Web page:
Well … that was something.
Once again, having one true Trade Deadline created a frantic final few days of deals. And when the dust settled, trades involving a three-time Cy Young Award winner (Max Scherzer), a National League MVP (Kris Bryant) and a two-time Reliever of the Year (Craig Kimbrel) were merely the tip of the iceberg.
We knew, from the names being discussed among executives, that this Deadline had the potential to get pretty wild. Yet we can safely say it exceeded our expectations. Here are seven storylines that we have to admit caught us off-guard.
1) The Cubs and Nats REALLY blew it up.
No half-measures here. You knew these two clubs were going to look a lot different when they faced each other this weekend. But now they are virtually unrecognizable.
Once the Nats got swept by the Orioles last weekend, it was clear Max Scherzer would be dealt ahead of his free agency, and the Dodgers were always seen as a likely landing spot. But the Nats also dealing All-Star shortstop Trea Turner, who is not a free agent until after 2022, to the Dodgers was a genuine surprise. Washington general manager Mike Rizzo moved the injured Kyle Schwarber (who had a mutual option for ’22) as well, plus pending free agents Jon Lester, Daniel Hudson, Josh Harrison and Yan Gomes. That wasn’t quite everything that wasn’t nailed down, but it was pretty close.
As for the Cubs, there had been so much speculation about extensions with Anthony Rizzo and Javier Báez that it seemed unlikely they would move all three of their big pending free agents. But lo and behold, Bryant, Rizzo and Báez -- pillars of the 2016 curse-breakers -- were all shipped off, along with relievers Craig Kimbrel, Ryan Tepera and Andrew Chafin and starter Trevor Williams. And Kimbrel going across town, while perhaps not as shocking as it would have been had the Cubs and White Sox not made the José Quintana-Eloy Jiménez trade in 2017, was still pretty wild.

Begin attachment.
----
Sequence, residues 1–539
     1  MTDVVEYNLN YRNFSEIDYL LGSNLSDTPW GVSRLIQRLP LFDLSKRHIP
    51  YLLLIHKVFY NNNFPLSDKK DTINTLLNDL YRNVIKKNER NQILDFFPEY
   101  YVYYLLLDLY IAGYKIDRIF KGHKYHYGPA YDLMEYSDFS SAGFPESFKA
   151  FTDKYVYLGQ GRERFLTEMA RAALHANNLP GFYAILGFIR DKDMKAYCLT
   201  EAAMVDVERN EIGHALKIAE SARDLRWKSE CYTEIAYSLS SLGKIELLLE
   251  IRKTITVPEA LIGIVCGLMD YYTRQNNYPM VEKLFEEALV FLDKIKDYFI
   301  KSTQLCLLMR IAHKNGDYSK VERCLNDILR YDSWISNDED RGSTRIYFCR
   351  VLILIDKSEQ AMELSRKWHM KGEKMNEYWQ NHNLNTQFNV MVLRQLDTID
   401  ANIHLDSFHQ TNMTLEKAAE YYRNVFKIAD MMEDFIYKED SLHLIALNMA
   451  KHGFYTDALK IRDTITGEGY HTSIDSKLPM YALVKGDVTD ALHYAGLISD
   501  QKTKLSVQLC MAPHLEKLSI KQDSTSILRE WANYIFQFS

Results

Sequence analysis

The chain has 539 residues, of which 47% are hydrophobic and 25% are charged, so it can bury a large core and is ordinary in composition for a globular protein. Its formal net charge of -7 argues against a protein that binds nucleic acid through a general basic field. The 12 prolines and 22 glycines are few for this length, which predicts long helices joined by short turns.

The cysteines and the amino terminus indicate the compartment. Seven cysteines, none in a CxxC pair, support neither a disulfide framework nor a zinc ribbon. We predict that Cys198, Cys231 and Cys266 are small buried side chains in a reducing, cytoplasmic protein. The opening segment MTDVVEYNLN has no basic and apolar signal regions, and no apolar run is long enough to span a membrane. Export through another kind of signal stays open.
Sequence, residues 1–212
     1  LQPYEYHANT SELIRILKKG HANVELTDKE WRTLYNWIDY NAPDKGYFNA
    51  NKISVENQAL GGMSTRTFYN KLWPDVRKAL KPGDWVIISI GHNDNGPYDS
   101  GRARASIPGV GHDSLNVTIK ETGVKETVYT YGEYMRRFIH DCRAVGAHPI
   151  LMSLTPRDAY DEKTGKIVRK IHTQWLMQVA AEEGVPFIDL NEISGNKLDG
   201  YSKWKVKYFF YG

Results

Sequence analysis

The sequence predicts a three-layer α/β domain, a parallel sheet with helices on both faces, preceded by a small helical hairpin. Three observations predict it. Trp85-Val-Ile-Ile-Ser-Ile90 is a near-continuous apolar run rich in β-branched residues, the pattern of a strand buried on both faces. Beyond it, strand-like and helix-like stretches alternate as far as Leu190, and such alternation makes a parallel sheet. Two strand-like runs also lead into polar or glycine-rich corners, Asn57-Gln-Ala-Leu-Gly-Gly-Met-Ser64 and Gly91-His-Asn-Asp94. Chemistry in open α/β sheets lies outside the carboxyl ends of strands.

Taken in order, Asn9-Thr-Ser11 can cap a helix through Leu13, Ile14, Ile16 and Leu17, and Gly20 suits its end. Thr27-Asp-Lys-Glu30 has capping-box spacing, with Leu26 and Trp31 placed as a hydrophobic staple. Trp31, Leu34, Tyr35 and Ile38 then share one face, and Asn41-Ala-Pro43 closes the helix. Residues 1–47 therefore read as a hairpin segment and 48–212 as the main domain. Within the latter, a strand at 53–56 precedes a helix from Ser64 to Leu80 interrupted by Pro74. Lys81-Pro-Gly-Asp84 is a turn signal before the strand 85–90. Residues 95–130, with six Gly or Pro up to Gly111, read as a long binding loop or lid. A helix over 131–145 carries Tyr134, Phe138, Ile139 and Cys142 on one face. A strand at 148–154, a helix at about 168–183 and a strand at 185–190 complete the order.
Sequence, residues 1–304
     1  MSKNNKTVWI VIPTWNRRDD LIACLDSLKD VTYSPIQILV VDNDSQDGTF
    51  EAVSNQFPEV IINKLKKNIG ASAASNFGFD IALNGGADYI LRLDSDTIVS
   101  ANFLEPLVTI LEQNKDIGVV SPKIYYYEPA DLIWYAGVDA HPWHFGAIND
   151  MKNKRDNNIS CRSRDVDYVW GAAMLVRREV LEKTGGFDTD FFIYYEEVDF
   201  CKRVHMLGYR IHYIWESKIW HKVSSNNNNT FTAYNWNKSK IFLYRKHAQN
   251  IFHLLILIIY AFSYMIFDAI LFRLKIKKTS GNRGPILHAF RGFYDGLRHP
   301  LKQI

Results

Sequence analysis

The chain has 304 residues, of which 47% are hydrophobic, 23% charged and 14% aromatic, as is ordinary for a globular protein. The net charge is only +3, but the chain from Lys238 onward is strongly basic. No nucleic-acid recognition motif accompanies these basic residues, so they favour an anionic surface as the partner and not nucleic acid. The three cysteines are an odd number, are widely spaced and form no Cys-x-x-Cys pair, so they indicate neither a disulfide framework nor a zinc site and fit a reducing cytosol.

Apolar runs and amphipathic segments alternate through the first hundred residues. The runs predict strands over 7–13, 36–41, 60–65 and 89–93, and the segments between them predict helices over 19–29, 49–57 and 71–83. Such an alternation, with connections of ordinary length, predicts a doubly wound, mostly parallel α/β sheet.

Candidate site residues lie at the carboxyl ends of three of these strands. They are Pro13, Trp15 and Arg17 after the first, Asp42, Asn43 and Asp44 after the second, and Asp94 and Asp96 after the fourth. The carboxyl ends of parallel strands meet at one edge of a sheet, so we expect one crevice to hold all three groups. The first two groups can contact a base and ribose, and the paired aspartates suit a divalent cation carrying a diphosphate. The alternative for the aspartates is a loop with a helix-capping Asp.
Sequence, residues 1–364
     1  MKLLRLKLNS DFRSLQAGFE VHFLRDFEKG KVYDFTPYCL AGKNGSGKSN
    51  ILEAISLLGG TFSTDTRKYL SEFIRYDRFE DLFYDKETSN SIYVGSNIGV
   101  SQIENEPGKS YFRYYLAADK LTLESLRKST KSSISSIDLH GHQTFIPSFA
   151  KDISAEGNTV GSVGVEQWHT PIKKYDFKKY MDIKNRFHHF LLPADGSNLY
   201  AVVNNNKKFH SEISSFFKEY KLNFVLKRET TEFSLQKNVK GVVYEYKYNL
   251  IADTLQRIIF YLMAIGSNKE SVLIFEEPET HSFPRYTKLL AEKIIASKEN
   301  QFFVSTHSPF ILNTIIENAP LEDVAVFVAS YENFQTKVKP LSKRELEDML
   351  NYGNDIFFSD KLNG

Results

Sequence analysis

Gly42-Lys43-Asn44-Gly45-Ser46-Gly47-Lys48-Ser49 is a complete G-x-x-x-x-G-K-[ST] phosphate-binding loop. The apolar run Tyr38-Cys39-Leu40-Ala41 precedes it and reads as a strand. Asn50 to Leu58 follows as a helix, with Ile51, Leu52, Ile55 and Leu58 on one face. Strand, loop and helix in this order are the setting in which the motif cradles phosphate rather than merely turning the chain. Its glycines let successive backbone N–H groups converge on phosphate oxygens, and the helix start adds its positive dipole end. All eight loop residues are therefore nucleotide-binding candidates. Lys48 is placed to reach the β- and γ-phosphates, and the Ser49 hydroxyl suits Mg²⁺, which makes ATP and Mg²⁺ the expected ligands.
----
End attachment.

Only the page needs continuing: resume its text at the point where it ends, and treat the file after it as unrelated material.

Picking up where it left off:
2) The Twins traded José Berríos … but didn’t totally blow it up.
At the outset, it would have been difficult to envision the Twins trading their ace in Berríos, who had an extra year of contractual control, yet not moving Michael Pineda, who is a pending free agent.
One would have assumed a Berríos deal would have been part of a larger-scale overhaul, perhaps involving Byron Buxton or Kenta Maeda or Josh Donaldson. Instead, the Twins moved three expiring assets in Nelson Cruz, J.A. Happ and Hansel Robles … as well as their best pitcher. Toronto sent them two Top 100 prospects in shortstop/outfielder Austin Martin (No. 16) and Simeon Woods Richardson (No. 68), but it will be fascinating this winter to see what this Trade Deadline tact means for Minnesota’s approach to 2022.
3) The Rockies were very, very quiet.
We’ll assume they did not get confused and think the Deadline was still July 31 this year. Rather, they refused to budge on their price tag for their most notable free-agents-to-be -- Trevor Story and Jon Gray.
Interim general manager Bill Schmidt has run the Rockies’ drafts for a long time, so he knows well the value of Draft pick compensation. And the Rox hope to extend Gray. But with an upcoming collective-bargaining agreement negotiation, there’s no telling what Story’s market or the compensation angle will look like. So this was a risky (non-)move.